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feature_tap_dance.md (22482B)


      1 # Tap Dance: A Single Key Can Do 3, 5, or 100 Different Things
      2 
      3 ## Introduction
      4 Hit the semicolon key once, send a semicolon. Hit it twice, rapidly -- send a colon. Hit it three times, and your keyboard's LEDs do a wild dance. That's just one example of what Tap Dance can do. It's one of the nicest community-contributed features in the firmware, conceived and created by [algernon](https://github.com/algernon) in [#451](https://github.com/qmk/qmk_firmware/pull/451). Here's how algernon describes the feature:
      5 
      6 With this feature one can specify keys that behave differently, based on the amount of times they have been tapped, and when interrupted, they get handled before the interrupter.
      7 
      8 ## Explanatory Comparison with `ACTION_FUNCTION_TAP`
      9 `ACTION_FUNCTION_TAP` can offer similar functionality to Tap Dance, but it's worth noting some important differences. To do this, let's explore a certain setup! We want one key to send `Space` on single-tap, but `Enter` on double-tap.
     10 
     11 With `ACTION_FUNCTION_TAP`, it is quite a rain-dance to set this up, and has the problem that when the sequence is interrupted, the interrupting key will be sent first. Thus, `SPC a` will result in `a SPC` being sent, if `SPC` and `a` are both typed within `TAPPING_TERM`. With the Tap Dance feature, that'll come out correctly as `SPC a` (even if both `SPC` and `a` are typed within the `TAPPING_TERM`.
     12 
     13 To achieve this correct handling of interrupts, the implementation of Tap Dance hooks into two parts of the system: `process_record_quantum()`, and the matrix scan. These two parts are explained below, but for now the point to note is that we need the latter to be able to time out a tap sequence even when a key is not being pressed. That way, `SPC` alone will time out and register after `TAPPING_TERM` time.
     14 
     15 ## How to Use Tap Dance
     16 But enough of the generalities; lets look at how to actually use Tap Dance!
     17 
     18 First, you will need `TAP_DANCE_ENABLE=yes` in your `rules.mk`, because the feature is disabled by default. This adds a little less than 1k to the firmware size. 
     19 
     20 Optionally, you might want to set a custom `TAPPING_TERM` time by adding something like this in you `config.h`:
     21 
     22 ```
     23 #define TAPPING_TERM 175
     24 ```
     25 
     26 The `TAPPING_TERM` time is the maximum time allowed between taps of your Tap Dance key, and is measured in milliseconds. For example, if you used the above `#define` statement and set up a Tap Dance key that sends `Space` on single-tap and `Enter` on double-tap, then this key will send `ENT` only if you tap this key twice in less than 175ms. If you tap the key, wait more than 175ms, and tap the key again you'll end up sending `SPC SPC` instead. 
     27 
     28 Next, you will want to define some tap-dance keys, which is easiest to do with the `TD()` macro, that - similar to `F()` - takes a number, which will later be used as an index into the `tap_dance_actions` array.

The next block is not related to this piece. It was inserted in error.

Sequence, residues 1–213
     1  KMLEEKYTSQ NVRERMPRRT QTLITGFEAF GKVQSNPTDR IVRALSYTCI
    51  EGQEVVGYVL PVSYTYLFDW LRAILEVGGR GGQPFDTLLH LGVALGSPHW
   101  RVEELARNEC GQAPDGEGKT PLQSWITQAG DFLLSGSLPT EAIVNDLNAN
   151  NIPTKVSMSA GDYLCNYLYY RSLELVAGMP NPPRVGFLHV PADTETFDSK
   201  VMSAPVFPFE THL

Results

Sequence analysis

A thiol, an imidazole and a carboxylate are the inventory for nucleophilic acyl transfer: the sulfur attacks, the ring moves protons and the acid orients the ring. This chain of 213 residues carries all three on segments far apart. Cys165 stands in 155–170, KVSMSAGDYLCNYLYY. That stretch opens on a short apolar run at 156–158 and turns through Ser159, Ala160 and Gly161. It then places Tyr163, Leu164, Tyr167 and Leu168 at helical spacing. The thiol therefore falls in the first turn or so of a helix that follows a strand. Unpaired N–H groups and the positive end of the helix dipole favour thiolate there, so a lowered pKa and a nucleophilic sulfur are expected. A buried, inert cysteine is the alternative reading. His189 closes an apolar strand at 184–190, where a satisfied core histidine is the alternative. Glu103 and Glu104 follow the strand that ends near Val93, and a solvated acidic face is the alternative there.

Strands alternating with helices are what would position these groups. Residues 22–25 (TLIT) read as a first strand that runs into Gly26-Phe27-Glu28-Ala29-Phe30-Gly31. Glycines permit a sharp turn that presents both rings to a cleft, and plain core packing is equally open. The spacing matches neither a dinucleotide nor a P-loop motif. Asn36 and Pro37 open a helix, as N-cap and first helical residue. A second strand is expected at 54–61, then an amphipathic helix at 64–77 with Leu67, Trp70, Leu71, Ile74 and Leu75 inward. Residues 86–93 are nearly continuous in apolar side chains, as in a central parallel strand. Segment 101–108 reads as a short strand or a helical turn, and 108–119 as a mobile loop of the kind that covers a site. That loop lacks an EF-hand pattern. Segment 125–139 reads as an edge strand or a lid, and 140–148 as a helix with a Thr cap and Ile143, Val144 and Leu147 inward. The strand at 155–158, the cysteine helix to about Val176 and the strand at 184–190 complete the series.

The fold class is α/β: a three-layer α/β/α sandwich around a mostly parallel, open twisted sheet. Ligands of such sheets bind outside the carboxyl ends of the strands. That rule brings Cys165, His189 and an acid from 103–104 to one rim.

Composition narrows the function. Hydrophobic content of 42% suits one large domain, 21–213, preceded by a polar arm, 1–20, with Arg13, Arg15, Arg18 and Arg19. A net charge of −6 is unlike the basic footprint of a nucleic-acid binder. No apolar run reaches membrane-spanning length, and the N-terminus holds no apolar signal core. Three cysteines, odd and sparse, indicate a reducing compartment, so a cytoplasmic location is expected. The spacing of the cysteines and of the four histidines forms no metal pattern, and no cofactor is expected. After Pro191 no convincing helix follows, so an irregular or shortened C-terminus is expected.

29 
     30 After this, you'll want to use the `tap_dance_actions` array to specify what actions shall be taken when a tap-dance key is in action. Currently, there are five possible options:
     31 
     32 * `ACTION_TAP_DANCE_DOUBLE(kc1, kc2)`: Sends the `kc1` keycode when tapped once, `kc2` otherwise. When the key is held, the appropriate keycode is registered: `kc1` when pressed and held, `kc2` when tapped once, then pressed and held.
     33 * `ACTION_TAP_DANCE_DUAL_ROLE(kc, layer)`: Sends the `kc` keycode when tapped once, or moves to `layer`. (this functions like the `TO` layer keycode).
     34 * `ACTION_TAP_DANCE_FN(fn)`: Calls the specified function - defined in the user keymap - with the final tap count of the tap dance action.
     35 * `ACTION_TAP_DANCE_FN_ADVANCED(on_each_tap_fn, on_dance_finished_fn, on_dance_reset_fn)`: Calls the first specified function - defined in the user keymap - on every tap, the second function when the dance action finishes (like the previous option), and the last function when the tap dance action resets.
     36 * `ACTION_TAP_DANCE_FN_ADVANCED_TIME(on_each_tap_fn, on_dance_finished_fn, on_dance_reset_fn, tap_specific_tapping_term)`: This functions identically to the `ACTION_TAP_DANCE_FN_ADVANCED` function, but uses a custom tapping term for it, instead of the predefined `TAPPING_TERM`.
     37 
     38 The first option is enough for a lot of cases, that just want dual roles. For example, `ACTION_TAP_DANCE_DOUBLE(KC_SPC, KC_ENT)` will result in `Space` being sent on single-tap, `Enter` otherwise. 
     39 
     40 !> Keep in mind that only [basic keycodes](keycodes_basic.md) are supported here. Custom keycodes are not supported.
     41 
     42 Similar to the first option, the second option is good for simple layer-switching cases.
     43 
     44 For more complicated cases, use the third or fourth options (examples of each are listed below). 
     45 
     46 Finally, the fifth option is particularly useful if your non-Tap-Dance keys start behaving weirdly after adding the code for your Tap Dance keys. The likely problem is that you changed the `TAPPING_TERM` time to make your Tap Dance keys easier for you to use, and that this has changed the way your other keys handle interrupts.